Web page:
17-year-old transgender writer/director Alice Maio Mackay’s low-budget horror film, “So Vam,” premiering August 23 on Shudder, provides a nifty queer twist on the vampire genre. Kurt (Xai) is a bullied gay high school student in Australia, who wants to be a drag queen. When he is “changed” by Landon (Chris Asimos), who feeds on outcasts, Kurt becomes a vampire. He is guided by April (Grace Highland) who teaches him how to use his powers to fight evil and homophobia by “taking blood from those who don’t deserve it” — such as two men running a conversion therapy camp. He also finds love with Andy (Tumelo Nthupi).
Mackay chatted with PGN about the film and how Kurt is empowered as both a vampire and a drag queen.
What is the appeal of horror films for queer audiences?
Horror has always been a genre that I really love. There is something about horror that makes it easy to connect to queer things — not even undertones. It is a very queer genre, historically; look at “Nightmare on Elm Street 2,” with Mark Patton. I’ve done horror short films. For a first feature, there was no other option than to do a queer horror film. You could just do a drama, but it doesn’t have that same campiness to it that a horror does.
What about the idea of what hate does to people? Hate is why the bullies bully, but also why the vampires kill.
I didn’t want the vampires, and Kurt, our protagonist, to start killing and feeding on innocent people. That can be obvious if it is used as a metaphor for coming of age, and vampires can be seen as a queer found family. I wanted to use how brutally Kurt has been bullied from early on and use that. Kurt is only hurting the ones who have hurt him earlier on and more as revenge, rather than killing random people, which would make him not a villain, but wouldn’t make it easy to get the audience on his side.
Can you talk about how you filmed the drag/musical scenes, and the ideas of fantasy that drag offers which is different from the supernatural fantasy of the vampires?
With the drag sequences, I want that to be their dream and their end goal, to make that stage a special place for them — this elevated thing.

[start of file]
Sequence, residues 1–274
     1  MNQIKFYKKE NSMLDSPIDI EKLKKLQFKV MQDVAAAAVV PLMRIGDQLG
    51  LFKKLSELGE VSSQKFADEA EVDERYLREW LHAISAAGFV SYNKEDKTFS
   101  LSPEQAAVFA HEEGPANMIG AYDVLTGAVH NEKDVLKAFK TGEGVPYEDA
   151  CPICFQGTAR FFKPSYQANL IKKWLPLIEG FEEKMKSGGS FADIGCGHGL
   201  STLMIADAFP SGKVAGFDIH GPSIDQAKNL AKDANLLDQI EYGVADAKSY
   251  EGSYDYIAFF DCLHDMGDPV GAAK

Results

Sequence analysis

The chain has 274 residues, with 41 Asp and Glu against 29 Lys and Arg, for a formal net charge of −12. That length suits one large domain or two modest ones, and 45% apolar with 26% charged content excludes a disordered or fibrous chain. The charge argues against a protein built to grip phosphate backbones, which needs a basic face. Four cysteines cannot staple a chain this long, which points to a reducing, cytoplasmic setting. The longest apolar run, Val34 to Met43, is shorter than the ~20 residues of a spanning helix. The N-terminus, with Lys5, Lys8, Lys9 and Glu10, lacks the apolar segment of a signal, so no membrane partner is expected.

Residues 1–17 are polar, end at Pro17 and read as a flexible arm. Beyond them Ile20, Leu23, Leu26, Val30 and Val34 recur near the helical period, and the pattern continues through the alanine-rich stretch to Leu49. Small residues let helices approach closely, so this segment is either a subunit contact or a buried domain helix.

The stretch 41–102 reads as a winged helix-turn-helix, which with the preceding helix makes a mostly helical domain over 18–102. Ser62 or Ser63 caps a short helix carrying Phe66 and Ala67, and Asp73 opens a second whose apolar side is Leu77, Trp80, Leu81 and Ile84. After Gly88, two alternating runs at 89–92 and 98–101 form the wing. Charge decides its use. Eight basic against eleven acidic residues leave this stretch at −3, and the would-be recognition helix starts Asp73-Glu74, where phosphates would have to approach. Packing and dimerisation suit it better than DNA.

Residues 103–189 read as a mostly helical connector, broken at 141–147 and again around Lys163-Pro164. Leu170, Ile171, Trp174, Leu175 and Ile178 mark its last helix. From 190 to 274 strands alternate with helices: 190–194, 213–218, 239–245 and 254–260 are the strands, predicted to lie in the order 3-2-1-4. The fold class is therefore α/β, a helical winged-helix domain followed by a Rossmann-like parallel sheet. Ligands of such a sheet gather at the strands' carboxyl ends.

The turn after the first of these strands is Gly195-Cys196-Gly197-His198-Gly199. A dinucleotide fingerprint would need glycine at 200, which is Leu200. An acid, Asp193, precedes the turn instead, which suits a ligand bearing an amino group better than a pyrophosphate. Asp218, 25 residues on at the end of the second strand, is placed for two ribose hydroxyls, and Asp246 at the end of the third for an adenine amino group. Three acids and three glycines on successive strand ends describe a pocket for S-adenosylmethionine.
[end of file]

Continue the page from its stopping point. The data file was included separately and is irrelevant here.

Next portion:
What can you say about the film’s tone, which is camp and earnest at the same time? What was your approach to the material?
I think Gregg Araki was a big inspiration and someone I’ve looked up to. His films come from that campy and absurd place with alien and sci-fi stuff, but this is also an earnest queer film. I knew I wanted to make it very camp at times. But at the end of the day, I wanted to make my first film that had everything I wanted to see in a film reflected in that.
Can you talk about being a teenage filmmaker?
I was 16 when I shot it. I worked on sets when I was younger, and I made some short films. I had just dropped out of school that year. I had the time, I made a few shorts and got a distribution deal for one of them — “Tooth 4 Tooth,” which was also about drag queens and vampires — but I wanted to do that but better and bigger, so the next step for me was to make a feature. That was something I was passionate about.
“So Vam” is a little bit gory but not gratuitously violent. Can you talk about the bloodletting — how much blood to show and how much to spill?
I just wanted — especially in the conversion camp — that had to be a big show of blood and gore because it is a traumatic thing and I wanted the revenge aspect to really take over because it’s such a brutal concept, I wanted the murder to be equally as brutal. But I wanted the violence to be campy and fun rather than horrific and scary. The character is a drag queen, so it’s very camp in general. The head-melting was supposed to provide 80’s retro kind of vibes.
You play with some of the conventions of vampire legends. They are not turned to dust in sunlight, and they can erase memories. What decisions did you make about the vampire characters?
Originally, when Ben [Paul Robinson, Mackay’s cowriter] and I were writing the first draft of the script, these vampires are going to take on eating all these people for revenge, where do the bodies go? They can’t hide them, so that’s how we came up with the bodies melting. The whole memory wipe was how vampires have different superpowers in the past. This can benefit the story well, so we went with that.
I love the idea, posited by April in the film, that Bram Stoker was queer and wrote “Dracula” as a way of penning a gay romance. Is this idea common knowledge?
I don’t think it was that common knowledge. Ben my cowriter said it would be interesting to embed this history. I did some research, but I had no idea, and I was a big “Dracula”/horror reader.
Do you think it’s true?
We’ll never know for sure, but I guess “Dracula” is very homoerotic in some ways, so it could be…
How do you think you would you fare as a vampire? And why do you think they are so popular in our culture?
I think I’d be a really bad vampire. I get scared of blood. As for why they are popular, I think there was a resurgence with “Twilight” in the 2000s. Slasher films have a structure with a killer, but vampires there are so many different [paths] the story can take. There is paranormal romance, teen “Vampire Academy,” you have “True Blood” which is ultra-gory, and ultra-sexy. It has an appeal to different audiences, ages and demographics. With vampires you can do anything in any subgenre you want.
Will you make more vampire movies?
I’m done with them for now unless someone gives me money to make a vampire film, in which case I’d love to!